Since at that point our feet were pretty sore and we were getting shopped out, we stopped in a beautiful, airy cafe in an impressive old building called Cafe Bibendum for an amazing raspberry tart and a cappuccino.
Afterwards we stumbled on the South Kensington Bookstore, just as we had both been mentioning how much we wanted to find some good reading material on this trip. I tried to stop myself from going crazy, due to unfortunate luggage restrictions, but ended up going home with three books anyway.
It just so happened (as the lovely fate would have it) that Aida and I had a mutual friend living in London who we didn’t know was a mutual friend until just several months ago. We caught a glimpse of his studio (serious workspace goals) and then happily followed along for a tour of Brick Lane, stopping for some mouthwateringly delicious dumplings and Chinese chicken in The Boiler House Food Hall. The bustling, hip, and just a little bit grungy area eventually paved neatly out into sleek office buildings, where us three artists/design nerds stopped to take a photo of this giant golden window. Some locals walked by and looked mystified as to why three people were taking a picture of something so mundane.
At the heart of this business-driven neighborhood we found our landing point, the Barbican Center, the largest cultural center of its kind. After wandering around the shop, me lamenting about how I had no more space in my luggage for those two extra books that I needed, we wandered down to the Barbican Kitchen for a light lunch, a coffee and one of the best slabs of nut & seed packed carrot cake that I have had in a while. If I happened to live near this restaurant, I would probably be there daily, with a laptop in front of me and a slice of carrot cake to my right.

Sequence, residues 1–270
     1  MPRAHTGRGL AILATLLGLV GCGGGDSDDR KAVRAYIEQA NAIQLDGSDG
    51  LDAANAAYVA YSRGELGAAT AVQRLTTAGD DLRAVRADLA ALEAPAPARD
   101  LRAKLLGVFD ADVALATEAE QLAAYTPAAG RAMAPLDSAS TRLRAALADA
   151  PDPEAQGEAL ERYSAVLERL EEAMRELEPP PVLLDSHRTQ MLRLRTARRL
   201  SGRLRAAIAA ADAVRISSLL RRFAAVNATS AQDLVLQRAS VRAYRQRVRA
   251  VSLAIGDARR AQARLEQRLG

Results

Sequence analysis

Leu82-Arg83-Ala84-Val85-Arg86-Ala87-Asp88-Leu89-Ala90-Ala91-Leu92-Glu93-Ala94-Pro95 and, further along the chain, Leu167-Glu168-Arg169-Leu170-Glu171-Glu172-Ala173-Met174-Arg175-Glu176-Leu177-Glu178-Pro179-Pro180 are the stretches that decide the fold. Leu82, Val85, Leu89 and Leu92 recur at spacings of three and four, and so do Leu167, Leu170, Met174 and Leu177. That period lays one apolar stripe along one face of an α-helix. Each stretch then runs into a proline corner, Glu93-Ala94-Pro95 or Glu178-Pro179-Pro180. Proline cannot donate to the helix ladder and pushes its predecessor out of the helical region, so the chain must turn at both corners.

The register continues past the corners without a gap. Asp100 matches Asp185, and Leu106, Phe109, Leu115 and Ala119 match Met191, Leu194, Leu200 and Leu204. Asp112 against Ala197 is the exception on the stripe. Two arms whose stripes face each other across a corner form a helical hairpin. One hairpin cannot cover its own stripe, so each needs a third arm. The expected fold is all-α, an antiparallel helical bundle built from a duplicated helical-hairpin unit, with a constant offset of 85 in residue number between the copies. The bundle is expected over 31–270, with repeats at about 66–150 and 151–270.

The final full day in London was a bit of a whirlwind, starting quite early to get my tired legs all the way to a dance class at The Place. It ended up being so incredibly worth the effort of getting there, but I’ll save the dance talk for another post.
Naturally, after a hardcore class I was absolutely starving by the time I found Aida in the train station, so we went on a hunt for her happy place- a great Malaysian food restaurant. We found one that she remembered from several years ago called Satay House, where I let her do all of the ordering. I truly cannot believe I have never tried Malay food before because it is so good. It has the richness of Indian and yet some similar flavor palates to Thai. If you have never tried it, you should, and if you are in London, this is the place you should probably go.
Lulled into food comas, we couldn’t do much for the rest of the afternoon, especially since our ankles felt like they were coming loose from the sockets, so we made a brief stop at a place we had both been excited to see, The School of Life. Ever since I picked up The Art of Travel, I have been a huge fan of Alain de Botton, his books and his endless wisdom. His two appearances on the On Being podcast are so insightful (listen here and here), and we were both thrilled to see the little place where many of his conceptions are held.
Aida had to go meet her in laws for dinner at the end of the day and I was still feeling a bit heavy from lunch, so I decided to get a nourishing dinner of all of those healthy hippie foods that I crave when I’m in Morocco. I devoured this miso macro plate at The Good Life Eatery and went to bed content and full of so many delights.
Near the end of our all-too-short trip, Aida asked me which was my favorite part and in all honesty, I had trouble answering. Not because we didn’t do anything special, but because we didn’t really do anything big or touristy. We simply walked, wandered, enjoyed, relished company and small moments, so that in the end it all came together as one sparkling, inspiring and refreshed experience of a city.